2. Use a sparse index to map positions to entries in a column. A sparse index is simply an index with one entry per *page* of the column file where an entry indicates the range of positions on the corresponding page. So if the name column has 10,000 names stored on 100 pages, there would 100 entries in the sparse index. To look up a given position, the system searches the index to quickly find the pages that contain the positions of interest. Because these sparse indices are very compact, they can usually be stored in memory or on a single disk page, and this extra lookup imposes very little overhead (unlike a traditional database index which can be quite large and require a significant number of I/Os to query).

Notice that the positions will be accessed sequentially within each column file, which further improves performance (especially if a range of consecutive positions are accessed).

That said, the commenter was correct in that in this example we will really only get the maximum benefit of RLE on the state column with (if we sort them at all) a potentially decreased benefit for a secondary or tertiary sort on name or salary.

One way to address this is to replicate subsets of columns, sorting each subset in a different order. We call such subsets “projections” (where the columns in a projection are still each stored in separate files). For example, a user might create one projection with the above three columns sorted in state order and another projection with just name and salary sorted in salary order (which will compress well using delta or RLE encoding). That way, if a query wants to find employees in a particular salary range, it can do that quickly using this second projection. Of course, for a query to be able to use a particular projection, that projection must have the columns used in the query (or the system must run an expensive join operation to glue together two projections that are sorted in different orders).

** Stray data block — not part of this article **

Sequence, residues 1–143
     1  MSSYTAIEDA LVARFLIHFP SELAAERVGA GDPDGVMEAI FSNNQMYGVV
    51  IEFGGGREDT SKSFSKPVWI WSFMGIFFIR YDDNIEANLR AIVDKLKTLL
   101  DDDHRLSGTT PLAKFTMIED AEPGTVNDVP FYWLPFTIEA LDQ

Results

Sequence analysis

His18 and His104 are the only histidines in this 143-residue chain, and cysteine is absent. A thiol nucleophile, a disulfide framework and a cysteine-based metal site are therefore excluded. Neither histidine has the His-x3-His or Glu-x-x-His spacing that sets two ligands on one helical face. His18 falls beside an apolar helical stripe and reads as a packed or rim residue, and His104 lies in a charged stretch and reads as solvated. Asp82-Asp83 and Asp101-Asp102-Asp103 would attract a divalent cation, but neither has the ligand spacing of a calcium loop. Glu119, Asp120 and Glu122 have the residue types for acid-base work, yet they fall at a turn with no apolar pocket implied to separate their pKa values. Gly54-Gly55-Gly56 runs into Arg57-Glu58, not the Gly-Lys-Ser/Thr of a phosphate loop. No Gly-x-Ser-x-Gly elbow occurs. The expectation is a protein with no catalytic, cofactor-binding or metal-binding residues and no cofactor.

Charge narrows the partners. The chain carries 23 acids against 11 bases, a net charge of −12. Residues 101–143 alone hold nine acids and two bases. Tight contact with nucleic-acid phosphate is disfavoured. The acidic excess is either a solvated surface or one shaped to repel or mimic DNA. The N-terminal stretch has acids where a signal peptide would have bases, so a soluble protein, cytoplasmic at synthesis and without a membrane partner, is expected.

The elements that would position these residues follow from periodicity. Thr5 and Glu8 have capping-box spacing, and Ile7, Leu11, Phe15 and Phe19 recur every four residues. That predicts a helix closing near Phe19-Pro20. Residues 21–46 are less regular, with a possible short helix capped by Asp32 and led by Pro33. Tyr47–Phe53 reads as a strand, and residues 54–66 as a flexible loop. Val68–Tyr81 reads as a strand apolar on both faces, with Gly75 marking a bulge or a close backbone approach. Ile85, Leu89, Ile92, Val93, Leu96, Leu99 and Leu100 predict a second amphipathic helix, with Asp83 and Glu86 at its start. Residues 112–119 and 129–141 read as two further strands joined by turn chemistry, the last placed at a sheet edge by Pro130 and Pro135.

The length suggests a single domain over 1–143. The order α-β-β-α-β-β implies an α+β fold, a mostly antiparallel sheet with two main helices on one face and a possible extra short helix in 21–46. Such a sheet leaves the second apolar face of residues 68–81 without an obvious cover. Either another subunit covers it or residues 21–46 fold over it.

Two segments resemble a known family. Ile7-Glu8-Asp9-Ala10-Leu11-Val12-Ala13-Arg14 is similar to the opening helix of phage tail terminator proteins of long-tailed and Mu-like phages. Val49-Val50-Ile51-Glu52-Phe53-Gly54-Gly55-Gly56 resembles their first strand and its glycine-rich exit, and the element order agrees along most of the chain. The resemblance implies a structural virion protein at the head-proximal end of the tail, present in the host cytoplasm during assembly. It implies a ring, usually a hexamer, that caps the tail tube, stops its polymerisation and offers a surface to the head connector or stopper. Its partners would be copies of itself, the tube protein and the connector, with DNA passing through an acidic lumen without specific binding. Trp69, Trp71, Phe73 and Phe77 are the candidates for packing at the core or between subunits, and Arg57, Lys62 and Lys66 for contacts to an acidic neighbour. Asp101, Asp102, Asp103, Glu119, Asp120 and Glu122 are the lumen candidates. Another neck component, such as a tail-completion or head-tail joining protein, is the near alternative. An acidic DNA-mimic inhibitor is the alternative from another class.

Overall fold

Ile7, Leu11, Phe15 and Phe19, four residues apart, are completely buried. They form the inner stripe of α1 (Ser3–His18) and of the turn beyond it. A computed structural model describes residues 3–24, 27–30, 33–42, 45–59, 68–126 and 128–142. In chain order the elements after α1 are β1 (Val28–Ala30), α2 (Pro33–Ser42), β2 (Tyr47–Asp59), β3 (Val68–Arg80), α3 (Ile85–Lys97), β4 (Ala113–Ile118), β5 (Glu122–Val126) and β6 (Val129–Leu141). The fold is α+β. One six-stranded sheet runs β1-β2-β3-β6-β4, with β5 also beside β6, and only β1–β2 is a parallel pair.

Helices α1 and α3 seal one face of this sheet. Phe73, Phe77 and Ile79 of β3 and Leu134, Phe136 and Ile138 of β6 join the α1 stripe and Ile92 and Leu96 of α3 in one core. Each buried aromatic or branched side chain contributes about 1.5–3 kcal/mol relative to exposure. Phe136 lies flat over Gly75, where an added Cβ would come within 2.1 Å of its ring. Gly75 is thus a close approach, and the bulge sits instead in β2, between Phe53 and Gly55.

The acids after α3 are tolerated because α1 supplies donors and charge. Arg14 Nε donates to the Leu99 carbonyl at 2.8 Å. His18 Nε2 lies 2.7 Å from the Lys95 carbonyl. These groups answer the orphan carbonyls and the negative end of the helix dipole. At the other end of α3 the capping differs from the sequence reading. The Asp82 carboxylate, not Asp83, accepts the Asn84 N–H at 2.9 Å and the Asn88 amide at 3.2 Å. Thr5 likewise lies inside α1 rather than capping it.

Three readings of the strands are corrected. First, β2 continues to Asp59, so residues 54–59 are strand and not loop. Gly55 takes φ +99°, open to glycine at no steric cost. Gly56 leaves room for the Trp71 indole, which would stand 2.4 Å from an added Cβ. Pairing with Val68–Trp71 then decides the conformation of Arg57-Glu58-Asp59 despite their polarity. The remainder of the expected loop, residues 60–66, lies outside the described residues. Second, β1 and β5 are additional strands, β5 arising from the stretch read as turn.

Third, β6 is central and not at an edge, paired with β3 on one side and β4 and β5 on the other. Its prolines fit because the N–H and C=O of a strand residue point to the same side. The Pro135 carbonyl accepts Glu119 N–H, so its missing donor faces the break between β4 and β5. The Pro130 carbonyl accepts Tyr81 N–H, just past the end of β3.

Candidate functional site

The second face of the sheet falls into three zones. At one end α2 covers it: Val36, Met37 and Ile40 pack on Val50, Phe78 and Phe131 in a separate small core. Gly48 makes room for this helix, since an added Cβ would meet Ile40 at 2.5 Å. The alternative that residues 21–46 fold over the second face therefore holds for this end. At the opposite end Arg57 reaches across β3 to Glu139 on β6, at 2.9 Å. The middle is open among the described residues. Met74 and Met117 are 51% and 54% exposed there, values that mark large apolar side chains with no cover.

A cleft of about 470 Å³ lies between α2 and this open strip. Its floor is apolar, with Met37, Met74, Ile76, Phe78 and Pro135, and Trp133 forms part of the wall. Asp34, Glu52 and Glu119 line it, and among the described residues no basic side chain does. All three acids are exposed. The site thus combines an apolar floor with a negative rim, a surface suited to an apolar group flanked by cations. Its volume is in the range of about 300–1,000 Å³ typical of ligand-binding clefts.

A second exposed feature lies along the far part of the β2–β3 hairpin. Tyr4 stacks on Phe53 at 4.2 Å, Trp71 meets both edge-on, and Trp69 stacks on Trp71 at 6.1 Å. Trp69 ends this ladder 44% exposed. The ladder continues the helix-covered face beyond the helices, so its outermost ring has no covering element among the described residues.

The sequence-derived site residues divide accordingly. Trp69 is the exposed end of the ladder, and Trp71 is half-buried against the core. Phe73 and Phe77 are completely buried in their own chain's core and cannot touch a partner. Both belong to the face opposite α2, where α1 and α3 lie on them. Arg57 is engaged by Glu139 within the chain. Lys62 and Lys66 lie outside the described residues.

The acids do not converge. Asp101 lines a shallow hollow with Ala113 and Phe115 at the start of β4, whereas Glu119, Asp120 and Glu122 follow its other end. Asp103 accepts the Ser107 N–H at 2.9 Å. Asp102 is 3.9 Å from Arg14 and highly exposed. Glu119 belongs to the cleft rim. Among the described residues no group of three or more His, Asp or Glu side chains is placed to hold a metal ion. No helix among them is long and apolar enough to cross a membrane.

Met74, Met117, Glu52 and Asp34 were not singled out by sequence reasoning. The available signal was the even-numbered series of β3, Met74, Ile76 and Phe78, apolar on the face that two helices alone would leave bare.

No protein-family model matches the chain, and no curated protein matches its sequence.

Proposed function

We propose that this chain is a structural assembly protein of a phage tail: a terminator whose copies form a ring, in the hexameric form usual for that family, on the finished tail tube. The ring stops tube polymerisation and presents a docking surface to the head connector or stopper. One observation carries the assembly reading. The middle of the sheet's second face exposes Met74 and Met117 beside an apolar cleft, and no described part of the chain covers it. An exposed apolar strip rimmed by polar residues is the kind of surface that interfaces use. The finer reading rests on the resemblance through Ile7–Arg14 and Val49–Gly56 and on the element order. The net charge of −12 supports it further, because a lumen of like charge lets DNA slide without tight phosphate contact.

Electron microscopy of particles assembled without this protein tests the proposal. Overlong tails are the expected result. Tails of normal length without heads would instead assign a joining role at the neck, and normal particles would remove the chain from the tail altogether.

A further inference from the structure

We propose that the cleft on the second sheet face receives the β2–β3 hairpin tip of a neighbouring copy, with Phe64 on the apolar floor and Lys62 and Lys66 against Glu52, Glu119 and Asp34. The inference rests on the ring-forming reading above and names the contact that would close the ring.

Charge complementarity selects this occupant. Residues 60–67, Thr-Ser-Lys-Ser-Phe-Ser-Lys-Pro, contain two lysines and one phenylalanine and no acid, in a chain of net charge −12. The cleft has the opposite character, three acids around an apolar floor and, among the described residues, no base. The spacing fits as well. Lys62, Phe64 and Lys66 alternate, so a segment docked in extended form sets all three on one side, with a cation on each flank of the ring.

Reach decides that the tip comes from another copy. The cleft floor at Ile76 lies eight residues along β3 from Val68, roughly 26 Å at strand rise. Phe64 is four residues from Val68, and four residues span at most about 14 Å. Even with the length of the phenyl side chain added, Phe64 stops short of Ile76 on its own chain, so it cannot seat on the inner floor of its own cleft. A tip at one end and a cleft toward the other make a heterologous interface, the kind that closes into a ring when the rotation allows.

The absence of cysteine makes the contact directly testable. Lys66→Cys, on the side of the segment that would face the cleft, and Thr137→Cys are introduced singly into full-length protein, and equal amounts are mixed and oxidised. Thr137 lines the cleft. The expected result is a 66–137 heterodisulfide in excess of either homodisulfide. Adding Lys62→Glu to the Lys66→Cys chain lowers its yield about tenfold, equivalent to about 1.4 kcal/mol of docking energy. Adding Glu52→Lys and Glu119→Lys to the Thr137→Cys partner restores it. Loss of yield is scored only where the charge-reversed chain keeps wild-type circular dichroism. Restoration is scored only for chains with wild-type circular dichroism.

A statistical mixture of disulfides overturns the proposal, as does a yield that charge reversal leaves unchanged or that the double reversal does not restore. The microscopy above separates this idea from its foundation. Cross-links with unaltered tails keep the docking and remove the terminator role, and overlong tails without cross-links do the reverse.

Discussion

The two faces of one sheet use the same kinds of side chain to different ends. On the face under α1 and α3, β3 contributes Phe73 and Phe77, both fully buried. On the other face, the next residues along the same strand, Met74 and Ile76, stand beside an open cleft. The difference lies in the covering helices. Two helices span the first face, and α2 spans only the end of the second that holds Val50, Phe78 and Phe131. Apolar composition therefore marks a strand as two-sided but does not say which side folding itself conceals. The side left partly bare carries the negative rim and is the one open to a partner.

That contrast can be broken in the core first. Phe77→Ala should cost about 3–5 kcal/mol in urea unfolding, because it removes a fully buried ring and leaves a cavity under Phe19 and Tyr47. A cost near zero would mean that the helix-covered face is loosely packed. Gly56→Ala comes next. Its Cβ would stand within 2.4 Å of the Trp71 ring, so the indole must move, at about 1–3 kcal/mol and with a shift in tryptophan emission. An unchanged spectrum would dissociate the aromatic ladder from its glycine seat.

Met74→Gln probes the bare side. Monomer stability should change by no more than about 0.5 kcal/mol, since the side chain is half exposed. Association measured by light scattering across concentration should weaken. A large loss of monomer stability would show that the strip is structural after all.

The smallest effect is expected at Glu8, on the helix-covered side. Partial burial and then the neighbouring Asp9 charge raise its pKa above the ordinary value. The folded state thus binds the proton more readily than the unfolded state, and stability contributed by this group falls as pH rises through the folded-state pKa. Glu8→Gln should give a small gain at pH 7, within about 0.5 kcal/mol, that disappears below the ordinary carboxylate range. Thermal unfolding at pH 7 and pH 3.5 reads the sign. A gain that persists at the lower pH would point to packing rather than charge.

Future post: Projections to maximize query performance

This, of course, presents an interesting physical database design question: What projections should the user (or administrator) create to maximize query performance for a given query workload? This is the idea behind the automatic database design features in C-Store and Vertica, which will be the subject of a future post.

Good things come in small packages: The advantage of compression in column databases

In this post, we’ll discuss how column-oriented databases are able to more effectively exploit compression than a typical row-oriented system. There are two key points: